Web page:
On today’s show we are coming to you live on location in Italy. We are about an hour outside Rome at a seaside town called Santa Marinella. I come to Italy regularly and in the past decade, not much has changed. In this idyllic seaside town there are numerous properties for sale, many of which have been on the market for two years or more. In fact, they’re still talking about the financial crisis as the reason why things are so bad economically. When I was here in 2009 and 2010, I totally get why they were talking about the global impact of the financial crisis. But a decade later, I don’t think you get to use that excuse anymore. A decade later it’s called the new normal and there needs to be an acceptance of the situation and the that it will take bolder steps to create more economic activity.
Many of the properties we looked at were either waterfront properties or across the street from the sea. These are either single family homes or multi-family buildings facing the water. Many of them are distressed properties with visible signs of deferred maintenance. Sellers seem to be reluctant to reduce prices and the emphasis seems to be on the asset price and not the cash flow generated by the asset. This stands in stark contrast to the more fluid notion of valuation that we have in North America that values an asset as a business and that valuation is based on multiples of net income, or what we call the cap rate.
This week, the local news in Italy is talking about the widely anticipated interest rate cut in Europe. This would be the first interest rate cut since 2016 and outgoing ECB chairman Mario Draghi’s final move before he steps down in October.
But it also raises practical questions about how much more the ECB can accomplish with its current toolbox. The bank’s key interest rate is already below zero and its balance sheet has swollen to around 40% of eurozone economic output, double that of the Federal Reserve.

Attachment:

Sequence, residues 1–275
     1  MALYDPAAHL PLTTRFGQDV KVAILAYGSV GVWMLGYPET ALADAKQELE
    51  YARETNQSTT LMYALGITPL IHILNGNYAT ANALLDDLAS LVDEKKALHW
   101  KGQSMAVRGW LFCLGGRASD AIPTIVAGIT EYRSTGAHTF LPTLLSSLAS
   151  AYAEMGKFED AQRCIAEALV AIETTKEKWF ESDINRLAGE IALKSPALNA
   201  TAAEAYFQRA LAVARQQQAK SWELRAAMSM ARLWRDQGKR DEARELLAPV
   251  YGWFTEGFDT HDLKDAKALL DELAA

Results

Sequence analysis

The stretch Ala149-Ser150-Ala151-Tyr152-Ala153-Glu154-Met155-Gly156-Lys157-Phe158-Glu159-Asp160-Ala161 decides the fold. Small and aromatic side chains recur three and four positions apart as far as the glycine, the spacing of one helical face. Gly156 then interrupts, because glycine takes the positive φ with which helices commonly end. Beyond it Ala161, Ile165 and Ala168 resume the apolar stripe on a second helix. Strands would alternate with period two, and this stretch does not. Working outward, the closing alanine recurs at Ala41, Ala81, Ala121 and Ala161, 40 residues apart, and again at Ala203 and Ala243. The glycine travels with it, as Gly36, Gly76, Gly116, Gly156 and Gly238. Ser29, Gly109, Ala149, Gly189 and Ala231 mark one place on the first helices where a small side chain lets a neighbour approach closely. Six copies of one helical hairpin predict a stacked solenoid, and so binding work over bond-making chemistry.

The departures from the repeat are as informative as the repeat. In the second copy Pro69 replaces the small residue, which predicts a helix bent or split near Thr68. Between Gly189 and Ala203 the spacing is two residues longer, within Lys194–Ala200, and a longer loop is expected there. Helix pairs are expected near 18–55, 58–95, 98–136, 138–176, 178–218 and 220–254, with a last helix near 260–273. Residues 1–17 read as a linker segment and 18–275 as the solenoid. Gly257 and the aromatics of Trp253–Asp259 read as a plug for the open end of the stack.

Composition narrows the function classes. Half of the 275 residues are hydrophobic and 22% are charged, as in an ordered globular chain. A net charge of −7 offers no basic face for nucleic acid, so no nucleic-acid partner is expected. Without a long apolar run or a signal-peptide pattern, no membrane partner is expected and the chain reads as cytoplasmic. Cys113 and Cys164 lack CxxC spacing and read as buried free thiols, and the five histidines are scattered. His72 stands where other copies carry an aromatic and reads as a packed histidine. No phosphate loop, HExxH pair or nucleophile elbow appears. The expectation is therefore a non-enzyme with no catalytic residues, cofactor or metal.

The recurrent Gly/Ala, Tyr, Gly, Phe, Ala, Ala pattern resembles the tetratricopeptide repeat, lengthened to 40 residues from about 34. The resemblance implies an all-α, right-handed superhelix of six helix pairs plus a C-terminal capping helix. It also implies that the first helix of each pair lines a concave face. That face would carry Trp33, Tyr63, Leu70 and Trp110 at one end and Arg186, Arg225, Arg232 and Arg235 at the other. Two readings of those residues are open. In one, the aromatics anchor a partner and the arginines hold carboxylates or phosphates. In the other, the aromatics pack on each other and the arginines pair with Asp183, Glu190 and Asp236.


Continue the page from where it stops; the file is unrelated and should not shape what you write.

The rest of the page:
I believe that with interest rates already so low, the economic stimulus that would result from a lowering of rates is unlikely to have any measurable impact. Accompanying the rate reduction it is widely anticipated that the central bank will also participate in another round of bond buying. That’s code for printing more money and then buying the bonds. Printing money could have a stimulating effect, but here too it’s like a drug addict who becomes addicted to the drug and eventually develops a tolerance to the drug and needs more and more each time in order for the drug to have an impact.
So what does this mean for us as real estate investors?
If Europe lowers interest rates, that could put pressure on other central banks around the world to do the same. The US news media have been reporting that the Federal Reserve is predicted to drop rates somewhere between a quarter point and perhaps as much as half a point at the July meeting coming up in a few days.
For us, as real estate investors, lower interest rates are a good thing. They make the cost of doing business lower, and we can ultimately translate that into higher profits.